House Bill 2137, which has drawn praise from industry and labor, is the first comprehensive change to the state's workers' compensation system in almost 20 years, state official say.
The reform bill's provisions include the creation of a medical fee schedule that will be indexed to the Consumer Price Index -- a measure that state officials expect will save Illinois business millions of dollars annually.
The bill also raises the minimum benefit for a worker killed on the job from $400,000 for 20 years of payments to the greater of $500,000 or 25 years of payments. It increases the burial benefits from $4,200 to $8,000 for fatally injured workers.
Other highlights include:
- The establishment of a workers' compensation fraud statute and investigation unit within the Division of Insurance of the Illinois Department of Financial and Professional Regulation to investigate charges of workers' compensation fraud, including uninsured employers. This provision allows for reporting of fraudulent claims by employees.
- The creation of a third panel to the Workers' Compensation Commission. State lawmakers say this will expedite resolution of disputed claims and also expand and expedite emergency hearings to resolve cases within 180 days, which will allow injured workers to receive quicker treatment and return to work earlier. This will result in claims being heard and resolved faster, which will decrease litigation costs.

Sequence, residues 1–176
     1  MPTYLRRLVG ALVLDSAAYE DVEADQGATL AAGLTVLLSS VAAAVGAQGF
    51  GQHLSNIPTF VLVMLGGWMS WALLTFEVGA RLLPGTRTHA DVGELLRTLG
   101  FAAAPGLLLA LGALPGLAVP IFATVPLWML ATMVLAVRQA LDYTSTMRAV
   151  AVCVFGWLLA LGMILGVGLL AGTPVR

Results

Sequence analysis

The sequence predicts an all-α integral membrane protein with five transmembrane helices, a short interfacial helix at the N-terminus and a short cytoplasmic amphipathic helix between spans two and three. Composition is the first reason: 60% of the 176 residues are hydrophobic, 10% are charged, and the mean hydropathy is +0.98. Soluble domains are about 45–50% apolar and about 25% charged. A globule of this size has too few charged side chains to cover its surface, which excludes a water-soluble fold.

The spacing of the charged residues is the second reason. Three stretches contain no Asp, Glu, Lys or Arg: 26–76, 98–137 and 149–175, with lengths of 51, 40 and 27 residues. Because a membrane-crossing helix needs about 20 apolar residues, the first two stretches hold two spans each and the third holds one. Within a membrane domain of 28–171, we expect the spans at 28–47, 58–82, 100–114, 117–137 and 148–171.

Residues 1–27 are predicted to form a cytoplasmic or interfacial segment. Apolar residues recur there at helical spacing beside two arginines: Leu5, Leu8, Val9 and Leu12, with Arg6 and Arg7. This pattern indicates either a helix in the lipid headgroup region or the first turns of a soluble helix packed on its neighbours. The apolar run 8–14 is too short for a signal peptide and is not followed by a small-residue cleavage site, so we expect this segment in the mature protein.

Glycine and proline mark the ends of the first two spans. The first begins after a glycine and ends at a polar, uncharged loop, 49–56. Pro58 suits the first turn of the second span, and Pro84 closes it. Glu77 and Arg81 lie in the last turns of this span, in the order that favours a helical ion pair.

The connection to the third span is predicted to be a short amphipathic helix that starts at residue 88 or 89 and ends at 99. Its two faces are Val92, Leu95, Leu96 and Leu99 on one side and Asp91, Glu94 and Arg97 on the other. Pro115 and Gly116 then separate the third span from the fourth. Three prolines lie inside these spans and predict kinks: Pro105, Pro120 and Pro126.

Gov. Rod Blagojevich, who led negotiations over several months with business and labor leaders and Illinois lawmakers to develop a workers' compensation reform plan, said the bill will boost the state's economy by reducing the costs of doing business.
"Everybody wanted to do what is best for Illinois, and these fundamental changes in the workers' compensation system work for everybody," Blagojevich said. "I look forward to signing them into law."
Illinois Manufacturers' Association President and CEO Gregory Baise said the reform bill provides "fair and balanced benefits to both business and labor."
"Illinois manufacturers and other businesses will be able to realize significant cost savings through nationally accepted managed care practices, and everyone will benefit from the pragmatic anti-fraud measures included in these reforms," Baise said.
The bill also has drawn praise from Illinois AFL-CIO Secretary-Treasurer Michael Carrigan and state Workers' Compensation Commission Chairman Dennis Ruth, the latter of whom called it a "win-win for both employers and employees of the state."